His(my)Story, Part 3

“I’m really sorry. Financially we just can’t carry on.”

I joined the company as a ground level customer service grunt in 2001. It was my second job and finally the one that was going to use my skillset. They were a web design outfit (in the loosest possible sense of the word) offering one of those DIY web builders that were all the rage during the dot-com bubble. That’s right, a dot-com bubble business after the bubble had burst. Probably needs to tell you everything you know.

A myriad of things happened out of my control that led to me staying in that position, always one step away from being let go, always being the guy no one could rely on. I’m not ignorant of my failings and will always throw my hands up when I’ve fucked up, but most of the time my fuck ups were I was breathing and existing. I don’t think I need to tell anyone what the impact was on my mental health.

However, a strange thing happened. The company started to die as other technologies leapt past its put-together-with-wallpaper-paste-and-running-on-compromised-Windows2k-boxes and customers started leaving in droves with the time honoured “fuck this shit I’m out” approach. Whilst others were losing hours and jobs, I was static. No one even noticed how little I contributed. When the company was sold off to an investor looking for a DIY web builder extension to their core business, I was part of the package.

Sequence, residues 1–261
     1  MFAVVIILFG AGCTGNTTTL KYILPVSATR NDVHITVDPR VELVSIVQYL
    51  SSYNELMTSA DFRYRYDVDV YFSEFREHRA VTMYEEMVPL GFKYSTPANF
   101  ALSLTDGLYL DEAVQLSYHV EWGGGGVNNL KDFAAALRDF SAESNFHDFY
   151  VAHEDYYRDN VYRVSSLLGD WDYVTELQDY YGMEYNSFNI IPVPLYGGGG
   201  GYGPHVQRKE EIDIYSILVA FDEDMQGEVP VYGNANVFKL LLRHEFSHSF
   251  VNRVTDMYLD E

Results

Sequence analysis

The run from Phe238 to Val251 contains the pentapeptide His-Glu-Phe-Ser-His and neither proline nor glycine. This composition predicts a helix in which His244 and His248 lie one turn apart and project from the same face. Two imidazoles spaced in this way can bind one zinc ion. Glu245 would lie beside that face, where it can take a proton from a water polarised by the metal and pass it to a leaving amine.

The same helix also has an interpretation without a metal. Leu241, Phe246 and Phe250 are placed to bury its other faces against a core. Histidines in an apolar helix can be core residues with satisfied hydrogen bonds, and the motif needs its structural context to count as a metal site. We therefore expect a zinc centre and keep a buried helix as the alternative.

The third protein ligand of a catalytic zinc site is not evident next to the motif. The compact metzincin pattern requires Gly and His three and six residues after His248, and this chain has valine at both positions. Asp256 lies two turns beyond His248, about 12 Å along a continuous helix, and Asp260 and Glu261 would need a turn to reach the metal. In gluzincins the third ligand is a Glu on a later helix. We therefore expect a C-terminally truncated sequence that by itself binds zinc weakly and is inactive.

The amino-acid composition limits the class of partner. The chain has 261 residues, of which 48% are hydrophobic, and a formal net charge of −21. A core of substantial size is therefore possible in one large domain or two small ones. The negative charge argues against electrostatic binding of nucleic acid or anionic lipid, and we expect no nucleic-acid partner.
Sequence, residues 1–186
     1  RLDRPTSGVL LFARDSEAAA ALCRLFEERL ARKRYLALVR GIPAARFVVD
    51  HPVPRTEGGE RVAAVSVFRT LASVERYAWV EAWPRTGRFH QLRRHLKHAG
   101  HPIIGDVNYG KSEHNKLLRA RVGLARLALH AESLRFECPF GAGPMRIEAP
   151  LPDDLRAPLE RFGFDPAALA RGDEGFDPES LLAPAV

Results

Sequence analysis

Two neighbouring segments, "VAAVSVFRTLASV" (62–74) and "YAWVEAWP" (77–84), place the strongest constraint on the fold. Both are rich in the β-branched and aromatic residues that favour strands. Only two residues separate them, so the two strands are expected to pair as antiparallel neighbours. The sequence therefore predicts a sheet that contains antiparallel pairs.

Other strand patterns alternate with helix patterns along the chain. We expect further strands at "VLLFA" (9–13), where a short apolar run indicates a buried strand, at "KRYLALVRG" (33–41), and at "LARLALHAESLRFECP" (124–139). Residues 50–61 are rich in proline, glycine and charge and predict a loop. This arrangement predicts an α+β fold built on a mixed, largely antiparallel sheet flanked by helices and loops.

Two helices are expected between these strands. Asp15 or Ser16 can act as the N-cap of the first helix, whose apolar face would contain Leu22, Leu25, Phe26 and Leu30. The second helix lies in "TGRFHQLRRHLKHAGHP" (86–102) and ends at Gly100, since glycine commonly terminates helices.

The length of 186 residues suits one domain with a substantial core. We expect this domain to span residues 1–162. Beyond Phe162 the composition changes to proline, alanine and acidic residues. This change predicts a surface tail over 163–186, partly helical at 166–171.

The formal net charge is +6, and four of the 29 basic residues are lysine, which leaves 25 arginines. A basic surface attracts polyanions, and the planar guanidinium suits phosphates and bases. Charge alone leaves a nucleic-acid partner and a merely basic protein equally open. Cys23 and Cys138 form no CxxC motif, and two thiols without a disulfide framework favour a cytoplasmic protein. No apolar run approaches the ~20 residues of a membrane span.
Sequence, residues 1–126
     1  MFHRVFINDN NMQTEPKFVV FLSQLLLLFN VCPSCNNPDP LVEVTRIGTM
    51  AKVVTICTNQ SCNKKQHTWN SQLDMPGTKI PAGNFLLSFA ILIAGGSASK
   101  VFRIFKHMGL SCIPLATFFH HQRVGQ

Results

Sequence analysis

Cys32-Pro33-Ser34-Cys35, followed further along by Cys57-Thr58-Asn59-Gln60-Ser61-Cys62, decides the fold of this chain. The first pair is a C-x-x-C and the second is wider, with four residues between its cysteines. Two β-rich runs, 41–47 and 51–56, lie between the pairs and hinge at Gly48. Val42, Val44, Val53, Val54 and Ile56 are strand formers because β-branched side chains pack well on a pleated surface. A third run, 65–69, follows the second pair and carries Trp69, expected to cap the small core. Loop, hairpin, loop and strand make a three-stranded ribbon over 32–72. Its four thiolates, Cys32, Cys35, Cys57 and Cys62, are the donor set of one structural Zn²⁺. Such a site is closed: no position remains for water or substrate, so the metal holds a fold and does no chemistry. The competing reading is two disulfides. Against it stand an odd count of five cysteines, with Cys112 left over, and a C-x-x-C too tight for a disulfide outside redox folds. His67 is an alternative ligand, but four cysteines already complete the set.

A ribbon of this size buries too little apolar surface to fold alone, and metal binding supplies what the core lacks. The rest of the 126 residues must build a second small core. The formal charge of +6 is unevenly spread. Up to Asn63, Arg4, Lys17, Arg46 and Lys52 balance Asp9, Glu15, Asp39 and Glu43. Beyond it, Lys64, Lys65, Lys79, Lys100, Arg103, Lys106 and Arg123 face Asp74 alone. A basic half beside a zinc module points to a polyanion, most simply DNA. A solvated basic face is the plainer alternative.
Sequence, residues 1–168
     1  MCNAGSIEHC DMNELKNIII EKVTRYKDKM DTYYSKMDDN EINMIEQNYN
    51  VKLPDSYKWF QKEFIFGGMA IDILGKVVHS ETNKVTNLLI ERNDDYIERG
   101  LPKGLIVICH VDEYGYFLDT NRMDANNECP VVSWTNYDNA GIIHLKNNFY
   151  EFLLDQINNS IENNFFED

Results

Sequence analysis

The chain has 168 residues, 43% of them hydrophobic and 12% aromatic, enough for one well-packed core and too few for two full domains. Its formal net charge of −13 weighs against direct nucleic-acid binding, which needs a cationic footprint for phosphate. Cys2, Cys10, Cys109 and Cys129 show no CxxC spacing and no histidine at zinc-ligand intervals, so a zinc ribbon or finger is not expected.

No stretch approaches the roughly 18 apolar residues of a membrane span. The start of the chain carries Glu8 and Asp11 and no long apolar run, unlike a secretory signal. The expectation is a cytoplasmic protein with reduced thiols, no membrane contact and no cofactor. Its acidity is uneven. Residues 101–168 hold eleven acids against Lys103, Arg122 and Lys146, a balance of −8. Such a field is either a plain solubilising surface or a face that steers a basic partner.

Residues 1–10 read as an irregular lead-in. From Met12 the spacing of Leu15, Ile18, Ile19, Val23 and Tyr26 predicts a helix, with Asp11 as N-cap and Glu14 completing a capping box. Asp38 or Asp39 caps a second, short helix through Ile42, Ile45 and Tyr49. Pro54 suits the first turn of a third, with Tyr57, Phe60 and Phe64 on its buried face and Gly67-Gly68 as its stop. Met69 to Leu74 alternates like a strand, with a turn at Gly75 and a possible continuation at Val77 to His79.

It was utterly bizarre and taught me that if you stay out of anyone’s sight, nothing bad can personally happen to you. Advice I have in no way, shape or form listened to ever since. Unfortunately the new owners were savvy. They knew they’d bought an untamable monster very soon into their tenure. At that point the writing was on the wall.

Artists impression of the moment the new owners realised they’d fucked up

So why have I told you all this, when it has nothing to do with forex? Well, due to the length of my service and the appreciated but very misguided boost in pay the new stewardship had given me, I had a redundancy package valued at thousands of pounds.

What do you think the vast majority of that went on, I wonder?

Hint: it was not chocolate cake.